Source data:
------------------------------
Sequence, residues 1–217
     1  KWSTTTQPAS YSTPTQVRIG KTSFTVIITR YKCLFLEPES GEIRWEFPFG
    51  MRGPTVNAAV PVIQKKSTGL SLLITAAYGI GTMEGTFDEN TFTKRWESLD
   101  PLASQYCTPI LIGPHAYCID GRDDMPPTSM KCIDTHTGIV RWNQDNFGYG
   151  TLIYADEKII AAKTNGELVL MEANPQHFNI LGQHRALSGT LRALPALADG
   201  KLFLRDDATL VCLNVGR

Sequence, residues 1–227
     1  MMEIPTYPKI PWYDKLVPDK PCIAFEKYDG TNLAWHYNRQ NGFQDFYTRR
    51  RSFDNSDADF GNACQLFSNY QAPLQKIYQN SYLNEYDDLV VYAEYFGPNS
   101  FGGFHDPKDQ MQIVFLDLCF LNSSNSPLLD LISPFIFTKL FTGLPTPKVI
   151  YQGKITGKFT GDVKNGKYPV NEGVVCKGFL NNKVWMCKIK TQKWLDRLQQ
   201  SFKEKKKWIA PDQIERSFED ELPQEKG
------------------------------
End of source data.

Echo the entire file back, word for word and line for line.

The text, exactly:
Sequence, residues 1–217
     1  KWSTTTQPAS YSTPTQVRIG KTSFTVIITR YKCLFLEPES GEIRWEFPFG
    51  MRGPTVNAAV PVIQKKSTGL SLLITAAYGI GTMEGTFDEN TFTKRWESLD
   101  PLASQYCTPI LIGPHAYCID GRDDMPPTSM KCIDTHTGIV RWNQDNFGYG
   151  TLIYADEKII AAKTNGELVL MEANPQHFNI LGQHRALSGT LRALPALADG
   201  KLFLRDDATL VCLNVGR

Sequence, residues 1–227
     1  MMEIPTYPKI PWYDKLVPDK PCIAFEKYDG TNLAWHYNRQ NGFQDFYTRR
    51  RSFDNSDADF GNACQLFSNY QAPLQKIYQN SYLNEYDDLV VYAEYFGPNS
   101  FGGFHDPKDQ MQIVFLDLCF LNSSNSPLLD LISPFIFTKL FTGLPTPKVI
   151  YQGKITGKFT GDVKNGKYPV NEGVVCKGFL NNKVWMCKIK TQKWLDRLQQ
   201  SFKEKKKWIA PDQIERSFED ELPQEKG